Access to the medication abortion drug mifepristone will not be immediately impacted in Connecticut despite a recent appeals court ruling rolling back federal regulations expanding its availability, Attorney General William Tong announced this week.
“Abortion remains safe, legal, and accessible in Connecticut,” Tong said in a press release. “But let’s be clear – this decision imposes medically-unnecessary barriers that will hurt patients and senselessly complicate care in far too many states nationwide.”
In a 93-page decision Wednesday, a panel of 5th U.S Circuit Court of Appeals judges affirmed certain elements of a lower court ruling which restricted access to the widely used abortion pill. The ruling sets up an expected appeal to the U.S. Supreme Court.
The panel struck down a set of regulations issued by the U.S. Food and Drug Administration since 2016, which have allowed the drug to be issued up to 10 weeks into a pregnancy and be prescribed by providers other than doctors. Another regulation rejected by the court has permitted the drug to be prescribed through telehealth visits.
“In loosening mifepristone’s safety restrictions, FDA failed to address several important concerns about whether the drug would be safe for the women who use it,” Judge Jennifer Walker Elrod wrote for the majority of the three-judge panel. “It failed to consider the cumulative effect of removing several important safeguards at the same time.”
For the moment, existing rules on the on the availability of mifepristone will remain in place until the U.S. Supreme Court decides whether to hear the case.
Though the Wednesday ruling would reduce access to mifepristone, the New Orleans-based appeals court stopped short of embracing a more sweeping ruling issued in April by a federal judge in Texas. That decision would have forced the FDA to rescind its initial approval of the drug, which was granted back in 2000.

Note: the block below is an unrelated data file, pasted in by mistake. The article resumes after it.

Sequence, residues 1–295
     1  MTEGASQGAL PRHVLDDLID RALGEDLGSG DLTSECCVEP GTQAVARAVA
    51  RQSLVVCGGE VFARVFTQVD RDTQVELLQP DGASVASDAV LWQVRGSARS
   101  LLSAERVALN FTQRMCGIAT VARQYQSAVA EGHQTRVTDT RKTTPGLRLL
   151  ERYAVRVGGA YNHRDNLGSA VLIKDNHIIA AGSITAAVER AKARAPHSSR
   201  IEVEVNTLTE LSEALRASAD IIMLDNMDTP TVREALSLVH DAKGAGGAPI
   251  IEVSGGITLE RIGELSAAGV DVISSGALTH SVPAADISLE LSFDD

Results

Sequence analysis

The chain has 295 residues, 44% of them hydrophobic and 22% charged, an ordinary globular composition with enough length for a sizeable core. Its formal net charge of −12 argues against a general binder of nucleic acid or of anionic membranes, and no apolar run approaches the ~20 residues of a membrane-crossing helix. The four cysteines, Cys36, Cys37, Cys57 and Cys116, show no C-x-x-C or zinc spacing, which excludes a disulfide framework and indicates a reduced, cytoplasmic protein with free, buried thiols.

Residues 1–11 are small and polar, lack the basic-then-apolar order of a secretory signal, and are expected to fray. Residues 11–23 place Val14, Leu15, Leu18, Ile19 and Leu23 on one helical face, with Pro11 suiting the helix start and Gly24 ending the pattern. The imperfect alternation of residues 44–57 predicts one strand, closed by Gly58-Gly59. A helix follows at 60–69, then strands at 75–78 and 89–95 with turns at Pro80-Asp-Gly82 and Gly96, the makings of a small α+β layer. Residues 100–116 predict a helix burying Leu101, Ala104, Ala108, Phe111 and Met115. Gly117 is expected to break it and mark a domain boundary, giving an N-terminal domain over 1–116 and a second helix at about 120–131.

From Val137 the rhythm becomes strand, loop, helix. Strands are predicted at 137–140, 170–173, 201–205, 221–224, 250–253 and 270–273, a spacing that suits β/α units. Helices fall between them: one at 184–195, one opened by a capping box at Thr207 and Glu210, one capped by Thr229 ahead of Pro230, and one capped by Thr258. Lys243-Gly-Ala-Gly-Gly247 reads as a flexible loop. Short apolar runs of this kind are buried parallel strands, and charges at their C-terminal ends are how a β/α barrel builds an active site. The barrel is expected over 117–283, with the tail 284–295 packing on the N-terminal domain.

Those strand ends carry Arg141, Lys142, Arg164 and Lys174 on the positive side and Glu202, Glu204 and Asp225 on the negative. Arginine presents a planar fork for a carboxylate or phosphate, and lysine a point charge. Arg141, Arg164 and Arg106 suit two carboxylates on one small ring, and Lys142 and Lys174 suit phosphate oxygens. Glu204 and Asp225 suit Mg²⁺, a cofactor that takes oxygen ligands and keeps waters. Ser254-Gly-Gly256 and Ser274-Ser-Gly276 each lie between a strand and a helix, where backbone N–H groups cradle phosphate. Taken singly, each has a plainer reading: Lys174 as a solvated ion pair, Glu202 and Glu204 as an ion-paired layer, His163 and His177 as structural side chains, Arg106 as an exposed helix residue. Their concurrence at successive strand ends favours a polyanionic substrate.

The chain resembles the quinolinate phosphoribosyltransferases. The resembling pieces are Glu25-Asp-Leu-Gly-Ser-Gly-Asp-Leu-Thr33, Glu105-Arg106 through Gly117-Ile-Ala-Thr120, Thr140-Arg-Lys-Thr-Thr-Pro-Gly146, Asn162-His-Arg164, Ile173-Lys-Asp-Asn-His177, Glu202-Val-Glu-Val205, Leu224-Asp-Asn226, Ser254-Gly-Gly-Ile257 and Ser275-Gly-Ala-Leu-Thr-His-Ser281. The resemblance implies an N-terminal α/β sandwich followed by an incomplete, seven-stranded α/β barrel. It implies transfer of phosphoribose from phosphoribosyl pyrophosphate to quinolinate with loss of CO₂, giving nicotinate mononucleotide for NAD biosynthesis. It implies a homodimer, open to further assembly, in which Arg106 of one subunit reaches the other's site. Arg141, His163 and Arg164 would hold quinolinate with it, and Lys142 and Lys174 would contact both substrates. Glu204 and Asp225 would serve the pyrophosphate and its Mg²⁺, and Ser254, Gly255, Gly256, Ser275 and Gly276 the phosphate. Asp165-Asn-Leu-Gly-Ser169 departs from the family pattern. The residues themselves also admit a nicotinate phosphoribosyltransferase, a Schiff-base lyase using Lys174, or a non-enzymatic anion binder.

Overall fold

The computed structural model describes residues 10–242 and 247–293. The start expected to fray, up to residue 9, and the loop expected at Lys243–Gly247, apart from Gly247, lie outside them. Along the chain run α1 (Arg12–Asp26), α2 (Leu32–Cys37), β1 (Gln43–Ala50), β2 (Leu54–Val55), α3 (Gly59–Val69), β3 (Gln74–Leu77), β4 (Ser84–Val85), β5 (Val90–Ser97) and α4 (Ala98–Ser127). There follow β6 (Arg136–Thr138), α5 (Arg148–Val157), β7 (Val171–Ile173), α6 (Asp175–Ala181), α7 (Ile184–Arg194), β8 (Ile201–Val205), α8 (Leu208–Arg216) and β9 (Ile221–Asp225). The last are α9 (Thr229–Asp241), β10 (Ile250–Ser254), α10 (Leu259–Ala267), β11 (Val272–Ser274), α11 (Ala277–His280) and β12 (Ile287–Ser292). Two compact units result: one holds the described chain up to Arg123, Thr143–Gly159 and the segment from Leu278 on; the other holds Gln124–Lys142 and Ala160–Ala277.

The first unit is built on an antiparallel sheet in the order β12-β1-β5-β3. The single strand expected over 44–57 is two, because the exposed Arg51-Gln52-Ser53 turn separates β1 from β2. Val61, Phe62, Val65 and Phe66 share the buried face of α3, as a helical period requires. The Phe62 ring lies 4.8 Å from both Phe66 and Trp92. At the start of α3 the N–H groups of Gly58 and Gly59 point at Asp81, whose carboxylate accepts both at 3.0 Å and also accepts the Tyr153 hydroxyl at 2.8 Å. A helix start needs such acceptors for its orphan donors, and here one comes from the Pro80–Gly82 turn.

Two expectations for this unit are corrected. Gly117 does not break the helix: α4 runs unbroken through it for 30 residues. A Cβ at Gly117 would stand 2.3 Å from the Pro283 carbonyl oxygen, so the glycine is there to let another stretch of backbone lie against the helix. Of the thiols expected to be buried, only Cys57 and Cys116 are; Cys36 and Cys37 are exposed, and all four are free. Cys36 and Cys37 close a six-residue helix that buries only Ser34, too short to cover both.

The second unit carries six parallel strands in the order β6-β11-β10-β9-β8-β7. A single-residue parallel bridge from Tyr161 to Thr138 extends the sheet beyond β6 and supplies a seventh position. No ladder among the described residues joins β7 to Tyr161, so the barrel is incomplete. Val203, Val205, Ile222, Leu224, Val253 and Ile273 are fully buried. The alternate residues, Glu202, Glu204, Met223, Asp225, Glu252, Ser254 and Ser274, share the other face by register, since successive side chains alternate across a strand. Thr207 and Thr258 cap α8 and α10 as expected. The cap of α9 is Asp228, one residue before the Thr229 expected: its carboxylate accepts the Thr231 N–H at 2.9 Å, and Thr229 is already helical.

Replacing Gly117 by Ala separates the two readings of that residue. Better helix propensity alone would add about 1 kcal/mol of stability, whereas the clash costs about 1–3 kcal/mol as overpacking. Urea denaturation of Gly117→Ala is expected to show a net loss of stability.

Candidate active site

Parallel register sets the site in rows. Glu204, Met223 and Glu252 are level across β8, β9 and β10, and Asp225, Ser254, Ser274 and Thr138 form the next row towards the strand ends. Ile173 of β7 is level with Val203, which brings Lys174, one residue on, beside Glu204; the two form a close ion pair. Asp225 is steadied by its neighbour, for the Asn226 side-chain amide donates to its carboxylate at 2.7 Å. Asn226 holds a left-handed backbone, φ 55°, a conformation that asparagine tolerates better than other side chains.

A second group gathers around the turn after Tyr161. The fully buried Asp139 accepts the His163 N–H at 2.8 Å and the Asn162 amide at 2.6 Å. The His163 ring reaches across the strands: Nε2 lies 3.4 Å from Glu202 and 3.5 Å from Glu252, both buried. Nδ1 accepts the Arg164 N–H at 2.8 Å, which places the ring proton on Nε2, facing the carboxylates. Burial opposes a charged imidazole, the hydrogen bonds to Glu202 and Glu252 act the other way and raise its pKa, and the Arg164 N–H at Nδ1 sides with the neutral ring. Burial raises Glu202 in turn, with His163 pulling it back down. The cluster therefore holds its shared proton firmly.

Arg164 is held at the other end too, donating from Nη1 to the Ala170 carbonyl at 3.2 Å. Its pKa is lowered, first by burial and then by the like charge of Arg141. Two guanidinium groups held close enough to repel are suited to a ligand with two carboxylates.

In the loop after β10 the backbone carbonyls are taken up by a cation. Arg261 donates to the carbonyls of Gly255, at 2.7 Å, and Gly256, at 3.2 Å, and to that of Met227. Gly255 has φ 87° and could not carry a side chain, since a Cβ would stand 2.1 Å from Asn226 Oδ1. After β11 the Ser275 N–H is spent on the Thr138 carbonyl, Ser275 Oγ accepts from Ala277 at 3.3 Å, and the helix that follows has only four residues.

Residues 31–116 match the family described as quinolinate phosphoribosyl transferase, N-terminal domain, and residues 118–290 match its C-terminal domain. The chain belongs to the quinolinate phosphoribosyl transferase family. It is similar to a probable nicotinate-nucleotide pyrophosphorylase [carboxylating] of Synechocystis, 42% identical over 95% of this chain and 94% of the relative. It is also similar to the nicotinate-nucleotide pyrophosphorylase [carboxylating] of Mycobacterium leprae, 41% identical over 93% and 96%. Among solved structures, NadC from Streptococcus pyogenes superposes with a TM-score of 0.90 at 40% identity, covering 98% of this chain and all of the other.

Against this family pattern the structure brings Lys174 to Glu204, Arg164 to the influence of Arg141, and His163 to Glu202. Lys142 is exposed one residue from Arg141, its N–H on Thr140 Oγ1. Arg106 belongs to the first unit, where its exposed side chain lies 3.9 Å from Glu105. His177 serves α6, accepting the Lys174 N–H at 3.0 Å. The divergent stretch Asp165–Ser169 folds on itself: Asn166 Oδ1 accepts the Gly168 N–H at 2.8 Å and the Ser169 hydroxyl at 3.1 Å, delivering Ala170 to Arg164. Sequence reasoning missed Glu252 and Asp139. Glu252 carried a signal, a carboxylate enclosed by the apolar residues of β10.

On Wednesday, the three-judge panel concluded that the claim against the drug’s original approval was barred by a statute of limitations.
Medication abortions make up more than half of all abortions in the United States, according to the Guttmacher Institute. Mifepristone is also used as part of a cocktail of medications prescribed by doctors to help women manage miscarriages.
Lawsuits challenging the availability of Mifepristone come as states across the country have begun banning and restricting access to abortions following the Supreme Court’s 2022 reversal of national protections under the longstanding Roe v. Wade decision.
Since then, policymakers in Connecticut have moved to shore up abortion rights through laws intended to shield patients and doctors from legal action by states that have outlawed the procedure. Meanwhile, Tong expanded his office last year to include a new special counsel position to lead efforts to defend abortion rights.
In April, Tong was among a coalition of attorneys general to challenge the FDA’s regulation of the drug as too restrictive in a related case before the U.S. District Court in the Eastern District of Washington.
“This is precisely what we feared and why we went on offense and filed our own case in the Eastern District of Washington, which continues to protect access to medication abortion here in Connecticut,” Tong said Wednesday. “And we will continue to fight alongside women, patients, and providers when this case is heard by the Supreme Court. We will not let extremist politicians micromanage our healthcare decisions.”